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The Foundery will close at City Garage; makerspace plans return to Central Ave.

The makerspace's last day in Port Covington will be Sunday, Jan. 27. Founder Jason Hardebeck said it ran out of funding as it pursued a sustainable business model.

The Foundery on opening day. (Photo by Stephen Babcock)

Two and a half years after opening inside City Garage, The Foundery will close its makerspace at the Port Covington innovation hub on Sunday, Jan. 27, citing a lack of funds to continue operations.

The news was made public Monday via a statement, which said the makerspace plans to return to its original location on Central Avenue.

Opened in 2016 in 20,000 square fteet of space inside the Port Covington space designed for entrepreneurs and companies making physical goods, the Foundery offered access to industrial tools as well as classes providing training.

Founder Jason Hardebeck said the business was growing as it recorded more than 10,000 visits and frequently filled classes. Hardebeck likened the closure to the case of other startups that run out of funding to cover costs in the short-term.

“We had record revenues in 2018,” Hardebeck said. “Everything was looking great, but we just ran out of runway.”

As a result, members of the Foundery’s full-time team of 12 people will be laid off. Hardebeck called it a “rockstar team,” adding, “they will all land in great places.”

Since releasing the social media posts late Monday, Hardebeck said he’s already heard from users of the space who were disappointed to hear that it would be closing.

Classes will be held as scheduled through Sunday, and the makerspace is also providing a chance for users to move belongings.

We've proven over the last two and a half years that there is a huge need for this in so many different ways.

The Foundery offered industrial-grade tools for cutting materials and specific areas dedicated to woodworking, fabric, a blacksmith shop and other metalworking. The idea was to provide tools and equipment that could provide for a larger fabrication effort than a small business or individual maker would typically have available, Hardebeck said. In July 2017, the makerspace shifted to a pay-as-you-go model that centered on day passes, as opposed to full-time membership or specific rented space.

“Our focus was always on access,” Hardebeck said.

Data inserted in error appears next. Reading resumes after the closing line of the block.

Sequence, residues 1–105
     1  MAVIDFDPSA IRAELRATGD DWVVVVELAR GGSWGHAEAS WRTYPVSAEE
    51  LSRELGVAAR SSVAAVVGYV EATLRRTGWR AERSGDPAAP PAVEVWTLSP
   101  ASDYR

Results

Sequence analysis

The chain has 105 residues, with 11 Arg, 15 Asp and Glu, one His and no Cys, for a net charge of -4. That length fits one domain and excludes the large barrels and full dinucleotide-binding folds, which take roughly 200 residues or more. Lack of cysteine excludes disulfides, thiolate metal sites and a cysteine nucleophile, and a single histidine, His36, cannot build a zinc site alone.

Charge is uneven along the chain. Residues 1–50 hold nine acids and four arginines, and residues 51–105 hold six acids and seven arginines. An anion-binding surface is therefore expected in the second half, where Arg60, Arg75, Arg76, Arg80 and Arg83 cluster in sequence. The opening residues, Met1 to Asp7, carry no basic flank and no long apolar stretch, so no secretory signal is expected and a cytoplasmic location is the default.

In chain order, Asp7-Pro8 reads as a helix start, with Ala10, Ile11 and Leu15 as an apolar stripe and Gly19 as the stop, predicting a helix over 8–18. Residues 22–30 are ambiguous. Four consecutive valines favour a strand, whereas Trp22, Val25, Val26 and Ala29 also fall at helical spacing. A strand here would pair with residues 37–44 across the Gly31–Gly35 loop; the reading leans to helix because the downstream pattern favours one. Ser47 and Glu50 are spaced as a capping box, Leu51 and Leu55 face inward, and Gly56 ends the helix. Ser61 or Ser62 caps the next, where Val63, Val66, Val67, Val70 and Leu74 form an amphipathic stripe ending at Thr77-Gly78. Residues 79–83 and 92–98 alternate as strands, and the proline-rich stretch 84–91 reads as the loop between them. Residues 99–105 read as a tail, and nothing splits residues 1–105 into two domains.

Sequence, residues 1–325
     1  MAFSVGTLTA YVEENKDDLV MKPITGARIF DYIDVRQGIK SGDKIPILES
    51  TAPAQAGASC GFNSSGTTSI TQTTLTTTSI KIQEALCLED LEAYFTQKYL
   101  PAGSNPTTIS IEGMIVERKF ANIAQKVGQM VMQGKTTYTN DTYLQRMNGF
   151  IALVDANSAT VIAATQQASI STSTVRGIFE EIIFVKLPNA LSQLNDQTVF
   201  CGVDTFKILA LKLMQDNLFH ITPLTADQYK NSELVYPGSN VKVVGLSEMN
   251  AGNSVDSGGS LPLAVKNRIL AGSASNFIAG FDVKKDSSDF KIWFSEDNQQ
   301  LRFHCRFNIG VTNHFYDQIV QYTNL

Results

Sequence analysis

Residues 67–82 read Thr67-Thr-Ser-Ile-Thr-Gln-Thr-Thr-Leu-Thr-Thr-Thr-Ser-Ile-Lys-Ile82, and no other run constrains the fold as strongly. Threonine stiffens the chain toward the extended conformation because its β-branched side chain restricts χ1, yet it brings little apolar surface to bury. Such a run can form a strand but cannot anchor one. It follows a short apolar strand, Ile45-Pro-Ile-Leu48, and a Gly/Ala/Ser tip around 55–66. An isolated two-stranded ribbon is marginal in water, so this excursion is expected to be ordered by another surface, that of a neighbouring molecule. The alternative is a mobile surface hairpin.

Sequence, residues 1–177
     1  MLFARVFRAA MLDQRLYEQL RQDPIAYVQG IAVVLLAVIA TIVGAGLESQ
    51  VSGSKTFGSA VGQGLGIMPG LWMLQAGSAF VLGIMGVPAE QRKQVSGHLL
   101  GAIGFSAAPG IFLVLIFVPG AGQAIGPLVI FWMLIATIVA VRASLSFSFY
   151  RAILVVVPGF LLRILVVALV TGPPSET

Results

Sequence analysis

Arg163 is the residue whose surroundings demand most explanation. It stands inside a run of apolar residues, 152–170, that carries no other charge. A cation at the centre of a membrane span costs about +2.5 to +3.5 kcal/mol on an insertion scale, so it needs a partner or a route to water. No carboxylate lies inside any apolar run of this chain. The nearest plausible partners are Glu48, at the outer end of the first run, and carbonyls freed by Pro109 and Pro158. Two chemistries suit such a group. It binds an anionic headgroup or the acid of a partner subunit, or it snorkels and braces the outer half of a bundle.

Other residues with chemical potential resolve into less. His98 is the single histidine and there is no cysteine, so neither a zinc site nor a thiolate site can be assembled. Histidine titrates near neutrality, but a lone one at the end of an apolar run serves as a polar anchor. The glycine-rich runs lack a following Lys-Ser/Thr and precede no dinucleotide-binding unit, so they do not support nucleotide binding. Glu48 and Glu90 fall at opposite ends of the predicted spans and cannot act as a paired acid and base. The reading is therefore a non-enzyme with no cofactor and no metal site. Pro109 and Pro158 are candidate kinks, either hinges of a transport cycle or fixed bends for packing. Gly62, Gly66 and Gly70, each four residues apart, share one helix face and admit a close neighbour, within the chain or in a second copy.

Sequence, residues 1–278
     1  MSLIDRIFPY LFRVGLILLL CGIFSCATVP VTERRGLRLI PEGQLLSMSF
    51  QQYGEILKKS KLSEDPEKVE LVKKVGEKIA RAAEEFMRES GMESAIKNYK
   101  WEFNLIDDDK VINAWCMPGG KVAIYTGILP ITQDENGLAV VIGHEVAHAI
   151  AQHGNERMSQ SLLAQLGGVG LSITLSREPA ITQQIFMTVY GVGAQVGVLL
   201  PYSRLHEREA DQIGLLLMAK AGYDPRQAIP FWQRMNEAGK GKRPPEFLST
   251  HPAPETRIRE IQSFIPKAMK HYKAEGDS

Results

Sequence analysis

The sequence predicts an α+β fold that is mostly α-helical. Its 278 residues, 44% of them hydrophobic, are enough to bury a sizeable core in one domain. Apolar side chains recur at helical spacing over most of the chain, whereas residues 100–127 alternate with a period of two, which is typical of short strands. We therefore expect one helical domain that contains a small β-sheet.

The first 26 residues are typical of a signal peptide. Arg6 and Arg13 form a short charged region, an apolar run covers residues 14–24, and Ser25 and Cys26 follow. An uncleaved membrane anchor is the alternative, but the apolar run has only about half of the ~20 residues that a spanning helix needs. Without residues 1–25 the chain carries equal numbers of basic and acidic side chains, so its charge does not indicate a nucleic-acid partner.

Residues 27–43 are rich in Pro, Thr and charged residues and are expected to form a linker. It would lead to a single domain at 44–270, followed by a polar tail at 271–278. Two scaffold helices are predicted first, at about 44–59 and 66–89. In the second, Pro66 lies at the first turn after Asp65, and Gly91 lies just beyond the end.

Providing workforce development was part of that focus. Through a partnership with the Center for Urban Families, it ran seven cohorts of a bootcamp program that offered training and connections to employers. The heavy-duty tools provided participants with training on industrial equipment.

“We developed an approach that made it accessible to the entire population and that’s what I think is the most special aspect of the Foundery,” he said.

Hardebeck plans to apply lessons learned and continue work to expand workforce training efforts as the space moves back to its original location near the corner of Pratt Street and Central Avenue in Southeast Baltimore that initially opened in 2013. Future plans always called for a location there, and now development on that effort is expected to ramp up later this year.

As for the space within City Garage, a spokesperson said there are “several options in play” for the space. The former bus garage is also home to Betamore and Under Armour’s Lighthouse facility, where the brand works on new approaches to manufacturing.

Makerspaces have spread due to their ability to provide shared access and serve as launchpads for new skills and businesses. Yet the business model has remained tougher to scale: Our sister site Philly has reported on multiple makerspace closings, and the ambitious effort from TechShop that opened multiple locations across the country ended when the company filed for bankruptcy. (The Foundery received initial backing from Sagamore Ventures, which the statement specifically thanked and Hardebeck said “enabled us to get as far as we did.”)

The Foundery opened in City Garage as several new makerspaces arrived on the scene, notably Open Works in Station North. Hardebeck sees demand for such spaces continuing to outstrip supply. Classes at the Foundery were full over multiple months, he said, and the space found its own audience.

“This is something that needs to happen,” he said. “If anything, we’ve proven over the last two and a half years that there is a huge need for this in so many different ways.”


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